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Sometimes You Do Have to Shovel Rain


July 06, 2012

(SitNews) Ketchikan, Alaska
- So our climatically-challenged cousins in Juneau are crying because they had 6.69 inches of rain in June. It was the wettest June on record in the Capital City.
jpg Dave Kiffer

Waa, waa, waa.

In Ketchikan we had 9.85 inches of rain in June making it something like the 379th wettest June on record.

Waa, waa, waaaaaaaaaaa.

For the record, the wettest Ketchikan June was in 1984 when 14.32 inches was recorded.

We’ll have to really go for the precipatory (rhymes with purgatory) gusto if we want to set an all-time record for July. Some 28.36 inches was recorded in 1914, although if you ask me someone probably drizzled a beer or two into the rain gauge that year because 28 inches sounds a wee bit high! Even for Ketchikan.

 After all, last year’s delugiously  downsodden Julytember was only a hair under 12 inches. It’s hard to imagine that if 28 inches really fell in July of 1914, there was anyone still left in town by August  1. We would now be having this conversation in a locale that had a little less liquid sunshine to deal with. Which if course is just about anywhere else on earth that is not a mountain on Kauai or a village in the path of an Indian monsoon.

Speaking of Augustober, it gets even worse with 33.9 inches being recorded in 1912. Once again, you wonder if it was some inadvertent metric misconversion.

Still it does get wet here. If you don’t believe me, ask the visitors. I had another one ask me the other day if ever stopped.

I resisted the urge to tell her that I don’t know because I’m only 53, I’ve used that one too many times before.

So I just smiled and shrugged. It is a rainforest after all. Just one without the pretty birds and 20-foot-long snakes to make it interesting.

Anyway, I was looking at another one of those “climate change” predictors on-line the other day. The current dreary weather is not fun enough so I have to see what I have to look forward to in 2050 when I am 91. Sure enough, it just gets worse for every living, waterbreathing soul between Nanaimo and Valdez.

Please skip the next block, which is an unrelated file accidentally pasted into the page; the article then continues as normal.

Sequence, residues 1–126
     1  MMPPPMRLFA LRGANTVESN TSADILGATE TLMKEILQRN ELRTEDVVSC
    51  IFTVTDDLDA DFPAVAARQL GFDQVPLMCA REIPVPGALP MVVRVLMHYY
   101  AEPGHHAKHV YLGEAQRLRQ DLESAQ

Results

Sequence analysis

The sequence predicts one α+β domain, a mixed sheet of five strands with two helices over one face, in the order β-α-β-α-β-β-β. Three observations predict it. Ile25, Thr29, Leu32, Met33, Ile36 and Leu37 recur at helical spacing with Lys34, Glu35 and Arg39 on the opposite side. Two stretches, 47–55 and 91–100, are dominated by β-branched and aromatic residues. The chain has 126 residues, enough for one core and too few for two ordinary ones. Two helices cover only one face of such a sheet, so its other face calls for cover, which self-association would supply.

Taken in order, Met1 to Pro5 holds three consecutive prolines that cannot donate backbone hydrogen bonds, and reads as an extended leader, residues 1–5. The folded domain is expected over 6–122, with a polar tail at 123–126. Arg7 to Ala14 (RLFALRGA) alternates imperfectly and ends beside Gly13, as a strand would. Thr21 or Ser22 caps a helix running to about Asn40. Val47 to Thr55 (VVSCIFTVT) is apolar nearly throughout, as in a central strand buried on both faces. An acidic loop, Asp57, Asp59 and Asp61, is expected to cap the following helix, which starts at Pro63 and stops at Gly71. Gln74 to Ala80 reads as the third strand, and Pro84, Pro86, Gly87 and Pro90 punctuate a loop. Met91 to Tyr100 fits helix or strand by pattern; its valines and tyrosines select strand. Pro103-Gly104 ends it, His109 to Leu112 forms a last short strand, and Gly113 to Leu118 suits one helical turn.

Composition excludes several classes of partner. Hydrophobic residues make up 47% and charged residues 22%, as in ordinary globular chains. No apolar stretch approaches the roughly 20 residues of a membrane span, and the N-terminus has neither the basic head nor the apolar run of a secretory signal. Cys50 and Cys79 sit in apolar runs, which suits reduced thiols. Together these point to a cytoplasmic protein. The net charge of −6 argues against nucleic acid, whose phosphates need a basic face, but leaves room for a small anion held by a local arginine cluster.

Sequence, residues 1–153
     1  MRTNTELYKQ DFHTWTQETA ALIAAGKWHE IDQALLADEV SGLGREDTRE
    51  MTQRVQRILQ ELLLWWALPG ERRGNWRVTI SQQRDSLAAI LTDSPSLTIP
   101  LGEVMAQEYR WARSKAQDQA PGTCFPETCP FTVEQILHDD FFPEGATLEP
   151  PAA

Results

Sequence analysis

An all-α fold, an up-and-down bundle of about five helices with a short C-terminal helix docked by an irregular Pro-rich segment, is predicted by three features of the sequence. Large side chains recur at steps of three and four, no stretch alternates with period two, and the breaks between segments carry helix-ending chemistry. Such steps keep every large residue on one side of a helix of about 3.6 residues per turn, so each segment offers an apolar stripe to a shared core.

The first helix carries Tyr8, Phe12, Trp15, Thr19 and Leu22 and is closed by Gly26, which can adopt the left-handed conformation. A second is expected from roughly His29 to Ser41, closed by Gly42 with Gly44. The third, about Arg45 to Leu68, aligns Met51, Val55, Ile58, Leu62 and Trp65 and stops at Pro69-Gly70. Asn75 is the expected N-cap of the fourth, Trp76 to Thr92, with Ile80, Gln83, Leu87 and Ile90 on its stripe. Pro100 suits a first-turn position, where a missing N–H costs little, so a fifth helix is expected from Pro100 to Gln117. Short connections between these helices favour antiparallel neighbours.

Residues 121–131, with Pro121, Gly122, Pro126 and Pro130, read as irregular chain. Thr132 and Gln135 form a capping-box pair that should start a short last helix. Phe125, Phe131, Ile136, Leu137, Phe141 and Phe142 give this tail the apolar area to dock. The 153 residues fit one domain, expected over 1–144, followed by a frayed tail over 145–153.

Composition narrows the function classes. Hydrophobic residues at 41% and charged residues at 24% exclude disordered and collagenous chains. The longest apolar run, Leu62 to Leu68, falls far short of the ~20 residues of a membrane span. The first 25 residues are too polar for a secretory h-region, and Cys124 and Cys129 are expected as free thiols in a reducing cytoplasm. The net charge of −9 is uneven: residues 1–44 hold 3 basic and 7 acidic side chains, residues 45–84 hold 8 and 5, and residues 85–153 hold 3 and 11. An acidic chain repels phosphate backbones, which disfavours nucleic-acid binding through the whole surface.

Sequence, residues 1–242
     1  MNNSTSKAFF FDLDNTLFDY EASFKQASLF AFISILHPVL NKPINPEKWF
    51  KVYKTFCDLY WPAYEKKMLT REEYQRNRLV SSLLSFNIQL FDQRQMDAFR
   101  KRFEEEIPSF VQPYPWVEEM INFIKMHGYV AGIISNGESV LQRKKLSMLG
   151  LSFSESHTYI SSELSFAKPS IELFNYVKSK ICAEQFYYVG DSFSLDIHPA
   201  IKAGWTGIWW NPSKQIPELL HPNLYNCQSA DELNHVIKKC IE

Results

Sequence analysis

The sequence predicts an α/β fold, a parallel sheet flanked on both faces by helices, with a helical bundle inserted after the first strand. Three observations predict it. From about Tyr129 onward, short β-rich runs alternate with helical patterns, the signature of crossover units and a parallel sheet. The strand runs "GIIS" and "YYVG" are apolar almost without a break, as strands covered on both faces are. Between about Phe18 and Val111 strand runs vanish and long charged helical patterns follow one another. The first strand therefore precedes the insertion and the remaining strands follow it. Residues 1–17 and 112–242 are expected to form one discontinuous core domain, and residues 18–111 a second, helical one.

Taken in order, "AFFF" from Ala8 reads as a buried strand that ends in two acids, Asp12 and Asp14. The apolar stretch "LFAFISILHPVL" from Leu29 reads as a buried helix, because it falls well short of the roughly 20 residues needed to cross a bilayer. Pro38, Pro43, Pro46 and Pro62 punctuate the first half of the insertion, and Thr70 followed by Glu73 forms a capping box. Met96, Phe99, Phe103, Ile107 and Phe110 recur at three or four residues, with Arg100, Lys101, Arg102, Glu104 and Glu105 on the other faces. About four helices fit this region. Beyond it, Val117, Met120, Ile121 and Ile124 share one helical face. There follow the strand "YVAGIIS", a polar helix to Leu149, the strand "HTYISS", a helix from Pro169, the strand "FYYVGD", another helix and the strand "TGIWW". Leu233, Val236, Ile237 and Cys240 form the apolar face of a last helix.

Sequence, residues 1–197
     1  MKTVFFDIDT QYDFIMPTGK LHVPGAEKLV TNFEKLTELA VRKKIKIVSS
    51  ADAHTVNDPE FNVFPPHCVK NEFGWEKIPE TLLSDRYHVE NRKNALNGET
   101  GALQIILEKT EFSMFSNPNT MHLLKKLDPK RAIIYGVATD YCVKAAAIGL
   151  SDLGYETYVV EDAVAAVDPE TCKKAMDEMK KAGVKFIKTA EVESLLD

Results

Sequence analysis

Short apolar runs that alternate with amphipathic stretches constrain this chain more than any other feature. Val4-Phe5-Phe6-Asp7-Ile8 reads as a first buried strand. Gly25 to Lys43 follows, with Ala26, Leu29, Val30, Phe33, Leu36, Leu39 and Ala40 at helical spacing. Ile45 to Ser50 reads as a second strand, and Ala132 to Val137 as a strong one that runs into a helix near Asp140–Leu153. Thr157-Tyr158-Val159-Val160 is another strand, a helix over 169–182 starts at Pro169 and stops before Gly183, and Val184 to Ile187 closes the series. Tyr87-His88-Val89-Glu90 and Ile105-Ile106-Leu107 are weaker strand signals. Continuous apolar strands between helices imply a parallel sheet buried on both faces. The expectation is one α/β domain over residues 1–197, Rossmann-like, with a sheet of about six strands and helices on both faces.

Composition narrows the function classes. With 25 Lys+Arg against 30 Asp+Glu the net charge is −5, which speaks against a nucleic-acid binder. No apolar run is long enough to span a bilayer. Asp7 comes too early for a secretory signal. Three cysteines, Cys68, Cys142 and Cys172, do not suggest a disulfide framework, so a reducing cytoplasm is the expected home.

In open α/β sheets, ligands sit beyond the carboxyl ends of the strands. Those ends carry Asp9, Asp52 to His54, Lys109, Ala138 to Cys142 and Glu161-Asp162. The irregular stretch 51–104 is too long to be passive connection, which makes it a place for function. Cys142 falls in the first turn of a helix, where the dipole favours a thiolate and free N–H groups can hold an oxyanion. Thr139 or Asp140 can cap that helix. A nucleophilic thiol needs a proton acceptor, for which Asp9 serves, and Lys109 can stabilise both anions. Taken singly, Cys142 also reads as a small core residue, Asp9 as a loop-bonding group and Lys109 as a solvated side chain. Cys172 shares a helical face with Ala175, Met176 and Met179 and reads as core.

And it comes as no surprise that it has been getting drearier here since the mid 1990s. I don’t care what the scientists say or what the naysayers say. The climate has been “changing” in Southern Southeast, I can feel it (literally) in my aching, rainsoaked bones.

Already this “summer” we have had several days in which the high temp was so low, those days technically qualified as the coldest on record for their respective dates. And of course they were accompanied by that everpopular Juneuary slushy rain. Okay, maybe it wasn’t quite slushy but it was close enough to be labeled as an atmospherically chilled cocktail by the FDA (Food and Dreadful Weather Administration).

More than once I found myself doing that one thing that locals point out when we gruff about the weather and imply it could be worse: At least we don’t have to shovel the rain.

Au Contraire, Mon Frères!

If you have a son or daughter who wants to play an outdoor sport in Ketchikan in June and July, you do indeed have to shovel rain on most of the fields most of the time. Because you will be desperate enough to get a game in that you will have to dig 25 percent life-size Yukon River deltas in the field and begin swinging shovels like brooms in an unsuccessful effort to “shovel” enough water off the field in order to get a game in.

Of course, it is pointless because the rain comes down faster than you expel  it and what doesn’t come from the sky seems to percolate up from the oversoaked ground as if in tribute to deluges of the past. When you start digging the trenches, you expect lovesick humpies and cohos to start splashing up from some underground anadromous stream straight out of Journey to the Center of the Earth.

I recently read that a scientific “survey” found that Alaska has more “wetlands” than the rest of the country put together. Well, duh.  

And yet the US Army Corps of Engineers is concerned that without remediation regulations we will run “out” of wetlands, so every time we build something we have to “replace” the wetlands we have disturbed. Perhaps we should all just grow gills and declare ourselves an endangered sub species of Rainforest Sapiens. Then we could petition the government to protect us because this relentless rainfall is killing us!

It would give the EPA a chance to sue Mother Nature to bring her into compliance Federal Law. I would pay money to see those court arguments!

Wow, that was such a long digression, I completely forgot what the point of this column even was!

Kind of like how you know you have had a great vacation because when you come back you can’t even remember where you work, let alone what the danged office computer passwords are.

Oh yeah, it’s been a little drizzly these days in Town Wetbegone, the little community where all the women are strong, the men are good looking and the children are above the mean high water line.

Just barely.

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Dave Kiffer is a freelance writer living in Ketchikan, Alaska.
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